Cartoon Copy(Samurai Pizza)Cats

According to Kirby Ferguson’s Everything is a Remix, 74 of the 100 top grossing films from 2002-2012 are either sequels, remakes or adaptations. “Perhaps audiences just prefer the familiar (Ferguson part 2).”

As Ferguson showed us, many Disney cartoons are based off Grimm fairy tales and various other sources, but traditional Saturday morning cartoons also caught on to the reiteration of successful shows to keep their audiences coming back for more. Preston Blair, cartoonist for Disney and Hanna-Barbera, showed how to draw character archetypes in many of his how-to books on, most notably Cartoon Animation.


If we examine the some of the characters in the Hanna-Barbera universe, we can see that many characters across shows share many of the same traits, often to convey something about their personalities. In 1969, Hanna-Barbera introduced the world to the crime-solving great dane Scoobert-Doo and the Mystery Machine gang of Fred, the All-American hunk; Daphne, the red-headed vixen; Velma, the bookworm, and Shaggy, the scruffy slacker.


After the success of Scooby-Doo! Where Are You?” Hanna-Barbera premiered a new cartoon in 1977 called Jabberjaw. Notice any similarities?

Many of you may also remember the Hanna-Barbera classic Yogi Bear and his little sidekick Boo-Boo, two pic-a-nic basket thieves who find themselves getting in trouble with Ranger Smith, the park ranger of Jellystone park.

That was in 1961. In ’62, audiences were treated to Wally Gator, an alligator who lives within the confines of the zoo and must be kept in check by zookeeper Mr. Twiddle. Are you noticing a pattern?

While these are examples of in-house copycats, there are plenty of instances through time of animation studios swiping character types from established shows. In 1990, John K. introduces us to Ren and Stimpy, a volatile chihuahua and stupid cat duo, the two always prying at each other’s nerves.


In 1993 with the launch of the Animaniacs, we get Pinky and the Brain, a pair of lab mice, the former a genius, the latter insane.


And then, a few years later, we get CatDog, a … yeah.


Just by looking at these images, without even watching an episode,  we can deduce which characters in these pairs are the goofy half of the equation. The off-kilter eyes, hanging tongues and the buck teeth convey the stereotypical dopey look we’ve seen time and again.

With the popularity of Teenage Mutant Ninja Turtles, animators try to jump on the bandwagon of anthropomorphic fighting animals. Case in point: Street Sharks and Samurai Pizza Cats.

With the overnight success of Pokemon, we got arena-battling anime like Digimon



And then we get to the other half of the equation with the reimaginings. The 1960s The Adventures of Johnny Quest got a ’90s iteration in The Real Adventures of Johnny Quest. Tiny Toons was a spiritual successor to the 1940s Looney Tunes. Muppet Babies were exactly that to the original Muppets. The Rugrats became teenagers in Rugrats: All Grown Up. A Pup Named Scooby-Doo took us back in time with the gang before they were old enough to drive the Mystery Machine. James Bond Jr. And adaptations. Garfield and Friends brought the tabby cat to the small screen after finding success in the funny papers. Street Fighter and X-Men both got their own cartoons in the ’90s. There are so many it would actually take forever to list them all. So, I think this provides a good-enough picture of the highly iterative nature of cartoons.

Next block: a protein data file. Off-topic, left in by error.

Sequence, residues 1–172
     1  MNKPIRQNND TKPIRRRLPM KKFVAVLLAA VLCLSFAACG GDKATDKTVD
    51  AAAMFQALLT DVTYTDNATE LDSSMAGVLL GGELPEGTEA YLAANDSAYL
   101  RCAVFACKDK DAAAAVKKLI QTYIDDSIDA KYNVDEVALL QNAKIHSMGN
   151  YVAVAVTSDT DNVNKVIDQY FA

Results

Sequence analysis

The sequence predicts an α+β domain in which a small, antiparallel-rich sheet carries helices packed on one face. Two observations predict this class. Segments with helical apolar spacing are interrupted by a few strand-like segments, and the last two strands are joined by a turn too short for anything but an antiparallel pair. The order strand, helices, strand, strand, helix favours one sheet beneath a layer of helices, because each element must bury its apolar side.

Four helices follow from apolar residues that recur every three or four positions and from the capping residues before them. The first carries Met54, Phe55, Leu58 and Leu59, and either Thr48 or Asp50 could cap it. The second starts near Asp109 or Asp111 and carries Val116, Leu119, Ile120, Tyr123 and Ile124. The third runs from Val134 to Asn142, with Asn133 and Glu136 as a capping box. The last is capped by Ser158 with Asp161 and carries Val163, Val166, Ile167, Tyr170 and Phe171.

And, finally, truth-bomb: SpongeBob SquarePants is just Rocko’s Modern Life underwater.

The Invisible Repetition of the Cartoon Theme Song

Cartoons are everywhere we turn.

It’s hard to believe the medium of cartoon animation is only roughly 100 years old, given how ubiquitous characters like Mickey Mouse, Scooby Doo and Spongebob Squarepants have become. We have backpacks emblazoned with Dora the Explorer’s face, vitamins made with Wilma Flintstones visage and even entire theme parks inspired by classic animated features. Baby boomers, Generation X and millennials all have cartoons from their youth that they remember fondly, and I posit that the tried-and-true intro/theme song combination that begins every episode plays a heavy role in reinforcing our connection to those viewing experiences.

While I could analyze the excellent intro sequence to Batman: The Animated Series, sadly, it’s already been done (and I highly suggest you click that link), so I’ll move on. One of the most successful cartoons in history, the Looney Tunes still appear in various incarnations even to this day. Predating the first commercially viable TV sets, the Looney Tunes animated shorts debuted in 1930 in theaters on film reels. Because animated features were still relatively new during the World War II era, producers modeled these shorts after existing entertainment structures, most notably Vaudeville and orchestra. Now heralded as one of the most influential cartoons of all time, many Looney Tunes shorts begin with the recognizable (blank) song in much the same way an orchestra would play an opening song before the curtains rose in a play.

In the first second of the intro bumper, we can see the Warner Bros. logo come into focus on the screen as if we were seated in a theater and the lights slowly adjusted in brightness to spotlight the beginning of a performance. Once the WB logo fades off, we then get a close-up of Bugs Bunny, the star and ringleader of the Looney Tunes. What’s important here, which differs from many cartoons intros of today, is that by showing us a large disembodied bucktoothed Bugs Bunny on screen, we’re being told that we’re not in attendance to watch a story necessarily, but rather a character. Then, as if the red rings around his head didn’t already resemble curtains, we see Bugs lift the projection screen right before our eyes, revealing that we’re very much about to watch a tongue-in-cheek, self-aware farce featuring anthropomorphic animals. Bugs lounges on top of his own name, reading “BUGS BUNNY in,” reinforcing that the character is about to get himself into some bizarre antics.